Second phase of Champlain Bridge rehabilitation to continue until end of November
On March 20, The National Capital Commission (NCC) began the second phase of the rehabilitation work on the Champlain Bridge. The work is currently being done on the middle lane of the bridge.
The work was originally going to be completed in three phases, but the NCC has decided to complete it in its entirety by extending the second phase. The work on the bridge is expected to be completed by the end of November this year.
The rehabilitation work involves removal of asphalt and repaving, waterproofing, concrete deck repairs, replacement or repair of expansion joints, and improvements to bike lanes. This work is part of the NCC’s major infrastructure projects, in which Canada has allocated $52.4 million.
Two lanes will remain open, one in each direction, and the speed limit has been reduced to 40 km/h. Cyclists are being asked to use the temporary bike lanes next to the working zone on the bridge. Pedestrians will have access to the eastern sidewalk.
Many residents and commuters have expressed concerns and frustration due to the increased traffic and delays during rush hours.
Greg Fergus, Liberal Member of Parliament for Hull-Aylmer, has created a petition that proposes two lanes be open in one direction depending on the direction of traffic. Fergus proposed that in the morning, the two lanes would be open for commuters travelling from Gatineau to Ottawa, and in the afternoon, the two lanes would be open for commuters travelling back from Ottawa to Gatineau.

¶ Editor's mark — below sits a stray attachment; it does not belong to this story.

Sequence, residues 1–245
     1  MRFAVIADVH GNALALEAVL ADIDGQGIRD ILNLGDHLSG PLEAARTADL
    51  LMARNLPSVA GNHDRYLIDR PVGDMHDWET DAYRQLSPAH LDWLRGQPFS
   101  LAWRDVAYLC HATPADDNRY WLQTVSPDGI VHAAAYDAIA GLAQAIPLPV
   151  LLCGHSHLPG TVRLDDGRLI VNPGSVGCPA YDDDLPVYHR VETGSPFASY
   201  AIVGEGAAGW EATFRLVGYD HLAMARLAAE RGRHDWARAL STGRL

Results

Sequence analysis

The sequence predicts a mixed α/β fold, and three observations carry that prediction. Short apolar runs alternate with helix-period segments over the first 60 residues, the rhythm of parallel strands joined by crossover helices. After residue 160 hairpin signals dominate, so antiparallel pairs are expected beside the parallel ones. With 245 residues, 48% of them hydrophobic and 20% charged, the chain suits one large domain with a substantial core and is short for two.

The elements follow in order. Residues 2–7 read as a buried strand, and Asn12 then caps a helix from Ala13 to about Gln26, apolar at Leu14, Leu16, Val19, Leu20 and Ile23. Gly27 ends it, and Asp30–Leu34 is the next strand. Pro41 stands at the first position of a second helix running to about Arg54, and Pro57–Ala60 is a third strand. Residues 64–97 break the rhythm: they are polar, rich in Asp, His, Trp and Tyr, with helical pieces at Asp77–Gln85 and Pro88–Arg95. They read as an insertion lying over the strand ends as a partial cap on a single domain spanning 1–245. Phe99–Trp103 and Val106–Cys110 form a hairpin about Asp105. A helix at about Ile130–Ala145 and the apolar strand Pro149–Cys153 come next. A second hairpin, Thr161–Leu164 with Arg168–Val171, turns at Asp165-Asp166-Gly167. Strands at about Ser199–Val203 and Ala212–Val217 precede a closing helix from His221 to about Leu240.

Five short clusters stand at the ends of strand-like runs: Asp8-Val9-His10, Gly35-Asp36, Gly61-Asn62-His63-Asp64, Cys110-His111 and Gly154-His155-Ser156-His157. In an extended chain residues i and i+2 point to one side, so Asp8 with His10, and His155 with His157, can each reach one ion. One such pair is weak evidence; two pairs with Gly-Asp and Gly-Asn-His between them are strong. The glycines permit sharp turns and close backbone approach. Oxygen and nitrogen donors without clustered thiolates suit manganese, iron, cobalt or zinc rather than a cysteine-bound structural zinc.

In the video announcing the petition, Fergus says that the road departments with Gatineau, Ottawa and the NCC didn’t like the idea. “This means we are going to have a repeat of last year with big traffic jams in the morning that are going to cause problems not only for people that are driving their cars but also for people that are taking public transportation.”
Residents interested in signing the petition can do so through a Google form: https://forms.gle/c59XRRdsoStixfco9.
The Champlain Bridge is responsible for approximately 22% of interprovincial vehicle traffic and 5% of pedestrians and cyclists crossing the river.
Photo caption: Traffic on the Champlain Bridge.
Photo credit: Sophie Demers